I won't go into them all here. But this certainly strengthens the bullish case for natural gas. My colleague David Stevenson covered these stocks in a MoneyWeek cover story last November: Natural gas the fuel of the future. They've done very well since, particularly LNG tanker operator Golar (GLNG). The stock is up by around 15% in the last week, but David says he'd still be very happy to hold on to it.

Another of my MoneyWeek colleagues, James McKeigue, recently covered alternative oil sources such as oil shale: The scramble for alternative oil sources. Although the crude price has eased off, I find it hard to see how that can last. While the world's eyes have been on Japan, a whole other tragedy is playing out in the Middle East. Libya is apparently on the verge of crushing its rebellion. And Saudi Arabia and Bahrain seem to be learning that the effectiveness of bribery pales beside the option of acting fast and hard.

I'm not saying we should have intervened. Iraq was a huge mistake. But what will the geopolitics of the Middle East look like when and if Gaddafi is back on top? Any risk premium oil held before now, should realistically be even higher.

Then there's alternative energy. Sure, it hasn't a hope of filling the energy gap so we're constantly told but this can only encourage efforts to invest in alternatives. James also took a look at the solar sector in a recent MoneyWeek: Solar energy's bright future.

Arguably, this is all inflationary in the longer run too. There might be an impact on global economic activity in the short term. And the prices of the most liquid assets tend to be the ones that sell off first in a disaster. But it all adds up to higher energy prices plus yet another reason for the world's central banks to print more money. To me, that's another sound reason to hang on to gold.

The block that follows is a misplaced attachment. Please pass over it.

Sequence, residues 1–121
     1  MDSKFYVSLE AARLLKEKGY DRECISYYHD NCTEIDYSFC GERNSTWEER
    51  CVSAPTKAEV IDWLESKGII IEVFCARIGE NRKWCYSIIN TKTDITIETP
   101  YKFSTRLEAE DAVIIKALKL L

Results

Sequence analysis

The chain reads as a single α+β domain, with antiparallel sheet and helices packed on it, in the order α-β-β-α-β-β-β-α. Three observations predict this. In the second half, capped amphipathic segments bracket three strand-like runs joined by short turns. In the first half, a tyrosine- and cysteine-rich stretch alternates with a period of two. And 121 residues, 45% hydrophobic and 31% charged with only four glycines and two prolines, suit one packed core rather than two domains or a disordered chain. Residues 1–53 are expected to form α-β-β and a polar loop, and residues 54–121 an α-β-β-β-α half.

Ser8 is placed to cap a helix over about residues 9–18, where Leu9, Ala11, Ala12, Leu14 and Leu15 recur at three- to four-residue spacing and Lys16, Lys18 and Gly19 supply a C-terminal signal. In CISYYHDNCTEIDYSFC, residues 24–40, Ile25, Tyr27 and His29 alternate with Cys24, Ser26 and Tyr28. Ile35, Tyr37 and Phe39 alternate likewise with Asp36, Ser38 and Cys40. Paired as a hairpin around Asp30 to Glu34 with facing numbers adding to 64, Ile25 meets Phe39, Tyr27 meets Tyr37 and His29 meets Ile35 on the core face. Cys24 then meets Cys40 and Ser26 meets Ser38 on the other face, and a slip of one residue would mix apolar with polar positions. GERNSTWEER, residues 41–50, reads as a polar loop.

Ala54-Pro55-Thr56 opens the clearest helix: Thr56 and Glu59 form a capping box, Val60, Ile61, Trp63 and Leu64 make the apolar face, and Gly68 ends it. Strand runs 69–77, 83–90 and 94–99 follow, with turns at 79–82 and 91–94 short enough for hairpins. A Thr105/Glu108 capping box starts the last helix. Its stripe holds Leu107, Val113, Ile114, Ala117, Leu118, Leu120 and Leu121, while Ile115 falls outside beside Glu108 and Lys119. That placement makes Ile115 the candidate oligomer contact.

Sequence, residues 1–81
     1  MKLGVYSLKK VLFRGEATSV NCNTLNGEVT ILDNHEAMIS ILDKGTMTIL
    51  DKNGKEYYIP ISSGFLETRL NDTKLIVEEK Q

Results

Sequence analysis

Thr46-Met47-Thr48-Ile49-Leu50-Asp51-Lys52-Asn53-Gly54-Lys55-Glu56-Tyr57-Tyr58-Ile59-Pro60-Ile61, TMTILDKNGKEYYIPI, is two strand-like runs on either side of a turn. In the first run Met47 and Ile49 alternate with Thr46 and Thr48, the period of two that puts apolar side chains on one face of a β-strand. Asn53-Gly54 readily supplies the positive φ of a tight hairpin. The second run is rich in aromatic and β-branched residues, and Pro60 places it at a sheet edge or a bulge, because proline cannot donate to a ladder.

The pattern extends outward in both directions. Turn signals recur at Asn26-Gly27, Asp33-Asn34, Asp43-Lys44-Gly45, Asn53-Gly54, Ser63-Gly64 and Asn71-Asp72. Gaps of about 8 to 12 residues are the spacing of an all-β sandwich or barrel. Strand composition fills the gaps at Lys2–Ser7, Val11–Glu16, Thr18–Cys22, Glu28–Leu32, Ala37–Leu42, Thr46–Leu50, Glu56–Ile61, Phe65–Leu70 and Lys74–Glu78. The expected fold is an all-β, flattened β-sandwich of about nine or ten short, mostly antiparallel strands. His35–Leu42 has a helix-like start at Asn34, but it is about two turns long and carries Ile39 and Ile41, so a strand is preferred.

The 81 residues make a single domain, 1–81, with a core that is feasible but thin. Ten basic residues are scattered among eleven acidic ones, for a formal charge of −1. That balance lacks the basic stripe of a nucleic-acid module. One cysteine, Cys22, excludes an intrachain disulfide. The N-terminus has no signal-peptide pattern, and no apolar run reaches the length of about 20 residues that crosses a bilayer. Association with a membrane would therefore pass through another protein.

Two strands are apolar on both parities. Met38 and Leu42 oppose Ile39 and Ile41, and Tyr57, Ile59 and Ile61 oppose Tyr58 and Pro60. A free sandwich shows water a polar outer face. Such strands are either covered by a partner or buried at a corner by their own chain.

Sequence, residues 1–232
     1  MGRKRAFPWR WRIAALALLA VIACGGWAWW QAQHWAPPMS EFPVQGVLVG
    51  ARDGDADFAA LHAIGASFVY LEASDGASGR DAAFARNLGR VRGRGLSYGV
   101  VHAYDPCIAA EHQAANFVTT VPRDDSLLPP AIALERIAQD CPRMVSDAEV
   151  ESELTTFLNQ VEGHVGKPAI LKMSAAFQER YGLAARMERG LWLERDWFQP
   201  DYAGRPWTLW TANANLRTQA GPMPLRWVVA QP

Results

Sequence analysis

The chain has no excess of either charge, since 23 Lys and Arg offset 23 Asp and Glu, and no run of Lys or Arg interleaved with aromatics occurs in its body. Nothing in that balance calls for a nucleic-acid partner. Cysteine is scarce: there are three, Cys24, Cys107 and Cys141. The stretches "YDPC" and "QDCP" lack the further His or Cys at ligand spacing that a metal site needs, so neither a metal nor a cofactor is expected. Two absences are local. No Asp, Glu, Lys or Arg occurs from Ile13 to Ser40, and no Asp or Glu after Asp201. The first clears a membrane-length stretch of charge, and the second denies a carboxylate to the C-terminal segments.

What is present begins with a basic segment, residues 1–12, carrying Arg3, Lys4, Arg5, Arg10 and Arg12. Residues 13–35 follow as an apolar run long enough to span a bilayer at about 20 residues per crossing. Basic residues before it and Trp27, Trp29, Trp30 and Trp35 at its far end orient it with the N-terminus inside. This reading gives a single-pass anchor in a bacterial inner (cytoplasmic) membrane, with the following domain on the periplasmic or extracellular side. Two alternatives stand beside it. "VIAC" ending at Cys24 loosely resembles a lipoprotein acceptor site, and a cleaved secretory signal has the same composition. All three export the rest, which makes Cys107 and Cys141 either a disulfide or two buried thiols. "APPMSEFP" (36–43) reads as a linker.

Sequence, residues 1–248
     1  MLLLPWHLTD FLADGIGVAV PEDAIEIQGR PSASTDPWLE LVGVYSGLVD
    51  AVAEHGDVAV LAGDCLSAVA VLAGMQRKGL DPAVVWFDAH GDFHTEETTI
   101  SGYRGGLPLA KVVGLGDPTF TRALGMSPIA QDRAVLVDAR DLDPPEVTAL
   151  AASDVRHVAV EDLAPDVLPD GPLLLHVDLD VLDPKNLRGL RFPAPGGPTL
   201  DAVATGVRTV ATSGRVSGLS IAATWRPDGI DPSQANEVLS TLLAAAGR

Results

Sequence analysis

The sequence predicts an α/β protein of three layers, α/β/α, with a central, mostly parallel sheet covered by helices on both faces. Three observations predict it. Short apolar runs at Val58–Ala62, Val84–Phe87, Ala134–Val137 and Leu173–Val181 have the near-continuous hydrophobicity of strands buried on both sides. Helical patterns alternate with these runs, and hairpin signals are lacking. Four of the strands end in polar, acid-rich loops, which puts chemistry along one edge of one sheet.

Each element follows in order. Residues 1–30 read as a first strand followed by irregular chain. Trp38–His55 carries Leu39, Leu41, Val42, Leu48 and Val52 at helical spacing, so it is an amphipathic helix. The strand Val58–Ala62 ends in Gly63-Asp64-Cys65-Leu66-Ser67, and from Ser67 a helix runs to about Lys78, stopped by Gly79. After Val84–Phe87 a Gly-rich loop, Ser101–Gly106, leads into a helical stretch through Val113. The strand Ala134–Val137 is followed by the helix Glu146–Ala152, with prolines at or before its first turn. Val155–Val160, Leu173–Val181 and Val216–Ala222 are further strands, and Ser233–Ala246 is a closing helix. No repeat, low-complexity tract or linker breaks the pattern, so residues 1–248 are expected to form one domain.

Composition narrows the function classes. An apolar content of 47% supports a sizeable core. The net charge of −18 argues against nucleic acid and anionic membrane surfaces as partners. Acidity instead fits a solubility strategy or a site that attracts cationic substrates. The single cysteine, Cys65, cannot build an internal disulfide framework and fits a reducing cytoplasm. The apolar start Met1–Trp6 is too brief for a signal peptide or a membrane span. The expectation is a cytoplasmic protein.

My colleague Merryn Somerset Webb looks at the wider implications for Japan in the next issue of MoneyWeek out on Friday. If you're not already a subscriber, subscribe to MoneyWeek magazine. But I suspect this is all going to have a much bigger impact in terms of global monetary policy and the knock-on effect on markets than anyone quite yet realises.

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John Stepek

John is the executive editor of MoneyWeek and writes our daily investment email, Money Morning. John graduated from Strathclyde University with a degree in psychology in 1996 and has always been fascinated by the gap between the way the market works in theory and the way it works in practice, and by how our deep-rooted instincts work against our best interests as investors.

He started out in journalism by writing articles about the specific business challenges facing family firms. In 2003, he took a job on the finance desk of Teletext, where he spent two years covering the markets and breaking financial news. John joined MoneyWeek in 2005.

His work has been published in Families in Business, Shares magazine, Spear's Magazine, The Sunday Times, and The Spectator among others. He has also appeared as an expert commentator on BBC Radio 4's Today programme, BBC Radio Scotland, Newsnight, Daily Politics and Bloomberg. His first book, on contrarian investing, The Sceptical Investor, was released in March 2019. You can follow John on Twitter at @john_stepek.